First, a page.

UNITED STATES DISTRICT COURT WESTERN DISTRICT OF NEW YORK
June 24, 2012
UNITED STATES OF AMERICA, PLAINTIFF,
SHAWN M. SNYDER, DEFENDANT.
The opinion of the court was delivered by: William M. Skretny Chief Judge United States District Court
DECISION and ORDER
Defendant, Shawn M. Snyder, was convicted in this Court on June 25, 2010, upon a plea of guilty, of five counts of violating 18 U.S.C. § 2251(a) (production of child pornography) and sentenced to 15 years imprisonment on each count, to be served consecutively, for an aggregate sentence of 75 years, and a life term of supervised release (Docket No. 27, Judgment). Defendant has now filed a Motion Seeking an Extension of Time to File a Motion to Vacate, Set Aside or Correct his Sentence pursuant to 28 U.S.C. § 2255 ("Motion for Extension"). (Docket No. 36.) Snyder claims the one-year period of limitation to file a § 2255 motion expires on July 1, 2012,*fn1 and that he needs an extension due "the nature of the . . . charges and the hostile, dangerous attitude and actions of some inmates toward people with these types of charges . . . ." (Id. at 2.) Due to this dangerous and hostile attitude towards him, he has not been able to perform work on his petition because: (1) when an inmate performs legal research on a computer other inmates can look over the shoulder of the inmate and see the nature of the legal research being performed; (2) he has to keep the limited amount of paperwork he has hidden to prevent the information from being seen by those who "would do him harm[;]" and (3) law clerks at the prison are not bound by any of the confidentiality rules governing attorneys. (Id. at 2.) He claims that for these reasons, he has been "in hiding" and thus has had difficulty trying to prepare his § 2255 Motion. For the following reasons the Motion for Extension is denied.
In United States v. Leon, 203 F.3d 162 (2d Cir. 2000) (per curiam), the Second Circuit held that "a federal court lacks jurisdiction to consider the timeliness of a § 2255 petition until a petition is actually filed [,]" because prior to the actual filing of a petition (motion to vacate), "there is no case or controversy to be heard[.]" Id. at 164 (citations omitted); see also Nelson v. United States, 380 F. Supp. 2d 100, 103-04 (2d Cir. 2005) ("A district court does not have subject-matter jurisdiction to grant an extension to the one-year period of limitation under § 2255 unless (1) the moving party requests the extension upon or after filing an actual section 2255 motion, and (2) rare and exceptional circumstances warrant equitably tolling the limitations period.") (internal quotations and citations omitted). However, "if or when [petitioner] actually files a § 2255 petition, the District Court may consider his argument that such a petition should be considered timely." Leon, 203 F.3d at 16 ; see also Smith v. McGinnis, 208 F.3d 13 (2d Cir.), cert. denied, 531 U.S. 840, 121 S.Ct. 104, 148 L.Ed.2d 63 (2000), (the Second Circuit held that the AEDPA's "one-year period [under 28 U.S.C. § 2244] is a statute of limitations rather than a jurisdictional bar so that courts may equitably toll the period."). The Supreme Court has held that the period of limitations may be tolled for equitable reasons but that a petitioner is only entitled to equitable tolling if he shows (1) that he has been pursuing his rights diligently, and (2) that some extraordinary circumstance "stood in his way and prevented him from timely filing." Rosario v. United States, No. 09 Civ. 2578(NRB), 2010 WL 3291805, at *4 (S.D.N.Y. Aug. 9, 2010) (citing Holland v. Florida, --- U.S. ----, 130 S.Ct. 2549, 2562-63, 177 L.Ed.2d 130 (2010)).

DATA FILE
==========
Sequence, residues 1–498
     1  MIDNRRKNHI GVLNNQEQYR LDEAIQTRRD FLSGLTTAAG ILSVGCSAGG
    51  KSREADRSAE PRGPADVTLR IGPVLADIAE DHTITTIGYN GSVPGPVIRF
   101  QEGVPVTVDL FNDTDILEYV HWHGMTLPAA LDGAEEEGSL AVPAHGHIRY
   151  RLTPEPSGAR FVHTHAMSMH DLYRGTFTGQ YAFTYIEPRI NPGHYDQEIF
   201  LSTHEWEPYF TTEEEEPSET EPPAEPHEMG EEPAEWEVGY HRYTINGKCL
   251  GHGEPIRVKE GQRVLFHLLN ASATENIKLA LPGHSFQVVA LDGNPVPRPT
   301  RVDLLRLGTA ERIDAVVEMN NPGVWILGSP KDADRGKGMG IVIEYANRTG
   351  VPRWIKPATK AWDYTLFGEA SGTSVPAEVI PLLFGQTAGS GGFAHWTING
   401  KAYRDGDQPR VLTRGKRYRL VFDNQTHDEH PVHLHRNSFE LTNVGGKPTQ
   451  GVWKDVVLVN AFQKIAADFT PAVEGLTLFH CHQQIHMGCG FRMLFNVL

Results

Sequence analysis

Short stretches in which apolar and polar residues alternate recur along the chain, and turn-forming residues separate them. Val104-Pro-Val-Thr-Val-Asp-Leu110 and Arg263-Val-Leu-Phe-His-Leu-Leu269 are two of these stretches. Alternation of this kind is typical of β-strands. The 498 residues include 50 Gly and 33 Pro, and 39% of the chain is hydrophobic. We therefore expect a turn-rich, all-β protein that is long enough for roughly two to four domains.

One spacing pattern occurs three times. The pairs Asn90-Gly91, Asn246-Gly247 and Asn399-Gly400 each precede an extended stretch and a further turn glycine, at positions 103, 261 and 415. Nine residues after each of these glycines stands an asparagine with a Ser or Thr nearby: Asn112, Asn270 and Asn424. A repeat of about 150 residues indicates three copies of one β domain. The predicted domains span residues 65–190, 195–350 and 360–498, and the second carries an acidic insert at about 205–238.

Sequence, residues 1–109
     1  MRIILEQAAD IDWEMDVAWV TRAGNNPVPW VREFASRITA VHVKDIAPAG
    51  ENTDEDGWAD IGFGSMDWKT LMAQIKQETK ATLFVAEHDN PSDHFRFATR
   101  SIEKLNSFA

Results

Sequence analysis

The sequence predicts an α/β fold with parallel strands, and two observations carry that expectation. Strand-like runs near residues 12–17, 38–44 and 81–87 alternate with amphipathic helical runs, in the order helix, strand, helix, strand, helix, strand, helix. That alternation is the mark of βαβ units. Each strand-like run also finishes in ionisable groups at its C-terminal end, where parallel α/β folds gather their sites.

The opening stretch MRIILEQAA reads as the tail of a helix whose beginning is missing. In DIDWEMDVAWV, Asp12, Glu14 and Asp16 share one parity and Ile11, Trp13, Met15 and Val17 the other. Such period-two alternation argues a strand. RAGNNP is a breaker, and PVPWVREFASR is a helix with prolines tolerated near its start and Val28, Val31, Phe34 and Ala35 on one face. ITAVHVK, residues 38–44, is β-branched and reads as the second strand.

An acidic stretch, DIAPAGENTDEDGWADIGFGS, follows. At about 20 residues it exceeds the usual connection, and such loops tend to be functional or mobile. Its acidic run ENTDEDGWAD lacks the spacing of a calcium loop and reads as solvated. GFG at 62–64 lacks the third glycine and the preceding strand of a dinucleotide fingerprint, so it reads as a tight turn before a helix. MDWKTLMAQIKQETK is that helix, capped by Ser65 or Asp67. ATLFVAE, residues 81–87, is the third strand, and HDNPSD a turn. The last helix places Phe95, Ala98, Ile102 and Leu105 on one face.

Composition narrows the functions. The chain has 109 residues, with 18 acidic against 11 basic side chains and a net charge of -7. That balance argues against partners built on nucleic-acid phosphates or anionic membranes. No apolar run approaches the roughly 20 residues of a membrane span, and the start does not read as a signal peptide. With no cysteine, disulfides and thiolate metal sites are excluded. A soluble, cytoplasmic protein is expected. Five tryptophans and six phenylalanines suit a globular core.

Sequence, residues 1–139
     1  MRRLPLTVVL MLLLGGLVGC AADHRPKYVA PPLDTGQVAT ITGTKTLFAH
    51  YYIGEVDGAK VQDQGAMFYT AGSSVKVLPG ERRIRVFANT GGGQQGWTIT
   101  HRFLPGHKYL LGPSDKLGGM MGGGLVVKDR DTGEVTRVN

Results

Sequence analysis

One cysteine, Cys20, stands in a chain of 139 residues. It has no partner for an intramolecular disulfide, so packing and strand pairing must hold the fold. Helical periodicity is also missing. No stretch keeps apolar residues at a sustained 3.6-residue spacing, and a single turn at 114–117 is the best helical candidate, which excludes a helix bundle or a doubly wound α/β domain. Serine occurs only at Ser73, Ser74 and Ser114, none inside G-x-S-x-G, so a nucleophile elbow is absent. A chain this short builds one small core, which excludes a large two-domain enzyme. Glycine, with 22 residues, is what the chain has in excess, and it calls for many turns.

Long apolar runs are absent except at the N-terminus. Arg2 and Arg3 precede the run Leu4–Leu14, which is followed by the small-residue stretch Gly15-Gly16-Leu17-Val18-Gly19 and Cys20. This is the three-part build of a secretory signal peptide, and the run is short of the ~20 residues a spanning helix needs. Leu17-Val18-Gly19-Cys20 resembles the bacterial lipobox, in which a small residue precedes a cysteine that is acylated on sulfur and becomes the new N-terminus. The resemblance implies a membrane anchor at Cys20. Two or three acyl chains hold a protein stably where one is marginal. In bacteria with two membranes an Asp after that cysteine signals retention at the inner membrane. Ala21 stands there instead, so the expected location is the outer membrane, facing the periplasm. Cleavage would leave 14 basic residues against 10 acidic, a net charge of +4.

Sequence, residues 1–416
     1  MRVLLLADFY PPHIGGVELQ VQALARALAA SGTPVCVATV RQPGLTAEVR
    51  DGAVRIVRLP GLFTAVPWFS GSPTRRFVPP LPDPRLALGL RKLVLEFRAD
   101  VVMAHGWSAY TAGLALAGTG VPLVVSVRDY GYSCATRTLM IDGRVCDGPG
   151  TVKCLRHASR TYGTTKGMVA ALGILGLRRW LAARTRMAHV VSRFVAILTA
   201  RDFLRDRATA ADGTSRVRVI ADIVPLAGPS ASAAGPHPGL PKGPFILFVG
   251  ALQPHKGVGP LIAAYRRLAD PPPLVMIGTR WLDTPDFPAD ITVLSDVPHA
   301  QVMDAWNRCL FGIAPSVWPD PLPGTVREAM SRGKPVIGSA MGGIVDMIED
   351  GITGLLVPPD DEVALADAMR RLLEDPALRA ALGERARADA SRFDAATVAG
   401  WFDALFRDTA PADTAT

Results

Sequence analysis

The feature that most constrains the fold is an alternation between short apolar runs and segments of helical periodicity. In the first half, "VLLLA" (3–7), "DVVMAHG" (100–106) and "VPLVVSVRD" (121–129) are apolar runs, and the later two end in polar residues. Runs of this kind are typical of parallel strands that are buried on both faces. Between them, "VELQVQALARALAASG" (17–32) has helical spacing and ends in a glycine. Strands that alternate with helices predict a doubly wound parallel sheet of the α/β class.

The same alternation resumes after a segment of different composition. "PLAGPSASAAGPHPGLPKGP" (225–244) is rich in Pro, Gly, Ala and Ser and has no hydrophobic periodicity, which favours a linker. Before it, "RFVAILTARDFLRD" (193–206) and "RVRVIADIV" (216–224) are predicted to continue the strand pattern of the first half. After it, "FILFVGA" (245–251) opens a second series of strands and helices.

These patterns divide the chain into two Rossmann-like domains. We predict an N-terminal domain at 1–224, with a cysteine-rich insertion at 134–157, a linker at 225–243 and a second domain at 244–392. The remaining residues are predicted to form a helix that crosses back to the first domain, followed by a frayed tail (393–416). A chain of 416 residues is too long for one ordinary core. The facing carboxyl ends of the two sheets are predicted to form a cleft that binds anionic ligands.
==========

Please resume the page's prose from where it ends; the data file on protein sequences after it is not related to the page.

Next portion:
While the Court is obligated to construe the submissions of pro se litigants liberally, see Hughes v. Rowe, 449 U.S. 5, 9, 101 S.Ct. 173, 66 L.Ed.2d 163 (1980); Haines v. Kerner, 404 U.S. 519, 520-21, 92 S.Ct. 594, 30 L.Ed.2d 652 (1972), and read them to raise the strongest arguments they suggest, Burgos v. Hopkins, 14 F.3d 787, 790 (2d Cir. 1994)) the Court cannot construe Snyder's Motion for Extension as a Motion Pursuant to § 2255 to Vacate, Set Aside or Correct Sentence because the Motion For Extension does not set forth any grounds or contain any basis in law or fact for relief under § 2255. See Samuel v. United States, No. 10-CV-1154(JS), 2010 WL 1257805, at *2 (E.D.N.Y. March 26, 2010) (citing Green v. United States, 260 F.3d 78, 83 (2d Cir. 2002)); United States v. Dennis, 5:04-CR-04 (NAM), 2008 WL 619362, at *1 (N.D.N.Y. Mar. 4, 2008).
Accordingly, Snyder's Motion for an Extension of Time to file a Motion to Vacate, Set Aside or Correct Sentence pursuant to 28 U.S.C. § 2255 (Docket No. 36) is DENIED. Snyder may at the time of filing a Motion pursuant to § 2255--a Motion which must "(1) specify all the grounds for relief available to the moving party; (2) state the facts supporting each ground; (3) state the relief requested . . . ." (Rules Governing Section 2255 Proceedings for the United States District Courts, Rule 2(b))--request an extension of time to file an amended or supplemental motion or memorandum of law in support of the Motion. If Snyder does not file a timely Motion pursuant to § 2255, he must set forth in the Motion a basis for the Court to equitably toll the statute of limitations. See Holland, --- U.S. ----, 129 S.Ct. at 2562-63; Smith, 208 F.3d at 17.
The Clerk of the Court is directed to forward to Snyder along with a copy of this Decision and Order the Court's Pro Se Form for filing a Motion to Vacate, Set Aside or Correct Sentence Pursuant to 28 U.S.C. § 2255.
William M. Skretny